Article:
HURT AND HARM: Rolle says she suffered as a result of Cabinet “insinuation” surrounding her resignation

HURT AND HARM: Rolle says she suffered as a result of Cabinet “insinuation” surrounding her resignation
Lanisha Rolle.

MP says drones flew over her under-construction home 

NASSAU, BAHAMAS — Seabreeze MP Lanisha Rolle said the Cabinet Office’s incorrect insinuation that her resignation as a Cabinet minister was linked to an audit at the Ministry of Youth, Sports and Culture caused her hurt and harm, but she maintained that her record as a minister upheld the standards of the Cabinet and good governance.

Rolle resigned in February. She has not provided a clear reason for her resignation.

“In case anyone stands to assume that I was under some investigation and this was the reason for me not being nominated, let me rest here. I request further clarification of the statement made by the Cabinet, which incorrectly insinuated that my resignation was as a result of some investigation. The good member for Killarney to some degree clarified in a public statement to the press that there were was no investigation concerning this member,” she said.

“I thank him.

“Mr Speaker, sometimes, however, what you give to the world, you cannot take back.

“Appreciating the hurt and harm this has caused me and I do not wish on any other, I will endeavor to guard my words here, so as not to damage the character of any member here to hurt their family, their livelihood, their character or reputation.

The MP said some went as far as to fly a drone over her home, which is under construction and mortgaged.

“I don’t know why all the members who sit in this place who have homes, cars and are building homes and other projects, why one would go so far or who would go so far as sending a drone over a house under construction and under mortgage,” she said.

“Under construction and under mortgage. Mr Speaker, ministers receive a minimum remuneration of $99,000 per annum and I am sure I was the least among the many.

“Some receive additional housing allowance and other allowances, but surely one can use their funds and that of their family’s the way they see fit without being unjustifiably accused.

“Mr Speaker it is my view that we could have and should have done some things differently, but we are where we are and it is what it is.”

Rolle stressed that she only gave approvals in her ministry as minister of youth, sports and culture in accordance with provisions of Cabinet, the government’s general orders and procedures specified in the financial legislation.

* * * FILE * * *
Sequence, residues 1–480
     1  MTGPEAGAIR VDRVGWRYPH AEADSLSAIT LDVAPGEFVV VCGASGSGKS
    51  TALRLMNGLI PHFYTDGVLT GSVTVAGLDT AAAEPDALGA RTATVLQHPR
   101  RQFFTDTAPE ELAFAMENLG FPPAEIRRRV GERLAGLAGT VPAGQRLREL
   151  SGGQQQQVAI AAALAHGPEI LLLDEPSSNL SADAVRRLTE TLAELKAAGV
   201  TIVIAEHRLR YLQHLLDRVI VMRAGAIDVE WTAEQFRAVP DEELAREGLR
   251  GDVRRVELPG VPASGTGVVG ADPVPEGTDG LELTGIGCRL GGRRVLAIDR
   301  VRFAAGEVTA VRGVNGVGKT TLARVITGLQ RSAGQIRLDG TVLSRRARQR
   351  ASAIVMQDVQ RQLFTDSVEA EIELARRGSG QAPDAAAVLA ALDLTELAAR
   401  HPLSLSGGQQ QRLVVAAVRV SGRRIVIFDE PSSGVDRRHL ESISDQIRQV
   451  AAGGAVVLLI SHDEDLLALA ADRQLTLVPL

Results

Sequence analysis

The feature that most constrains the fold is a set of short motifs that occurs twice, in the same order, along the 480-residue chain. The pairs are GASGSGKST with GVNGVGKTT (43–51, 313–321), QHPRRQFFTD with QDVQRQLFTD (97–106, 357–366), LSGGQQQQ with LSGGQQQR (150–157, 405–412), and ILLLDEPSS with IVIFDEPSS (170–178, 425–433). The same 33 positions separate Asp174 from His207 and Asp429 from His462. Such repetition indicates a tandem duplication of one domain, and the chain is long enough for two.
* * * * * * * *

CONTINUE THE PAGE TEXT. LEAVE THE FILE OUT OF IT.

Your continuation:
“Mr Speaker, no ministry I kept held money,” she said.

“I want to make that clear because the public seems to think that there was some chest of money that a minister holds. As a matter of fact, when I went to the Youth, Sports and Culture, I got texts and calls saying I am holding the checks in my office for the various groups. [I said] what’s going on here. What checks? Ministers don’t sign checks; ministers don’t hold checks.”

She continued: “…Every financial transaction of a minister is either based on a recommendation by the permanent secretary, and in the case of statutory bodies, on the recommendation of a board.”

Rolle said she relies on the auditor general to state if any transaction under her tenure and at her approval were “contrary to the rules”.

She said the contracts for small homes repair program under Urban Renewal — where more than 500 homes benefited — were all by way of recommendation of the board, advisement by the senior public servant and processed by public servants.

The MP said if she was “a bit stringent” as a minister it was because she wished to be accountable and see projects completed in a prescribed manner — on schedule and on budget.

She said she met too many cost overruns at Urban Renewal and the National Sports Authority.’

“Did persons try to bully me as a young female minister — nobody asked me until now — of course,” she said.

“Was I protected against the bullying, maybe not. But I stood my ground even if I stood alone.”

About Royston Jones Jr.

Royston Jones Jr. is a senior digital reporter and occasional TV news anchor at Eyewitness News. Since joining Eyewitness News as a digital reporter in 2018, he has done both digital and broadcast reporting, notably providing the electoral analysis for Eyewitness News’ inaugural election night coverage, “Decision Now 2021”.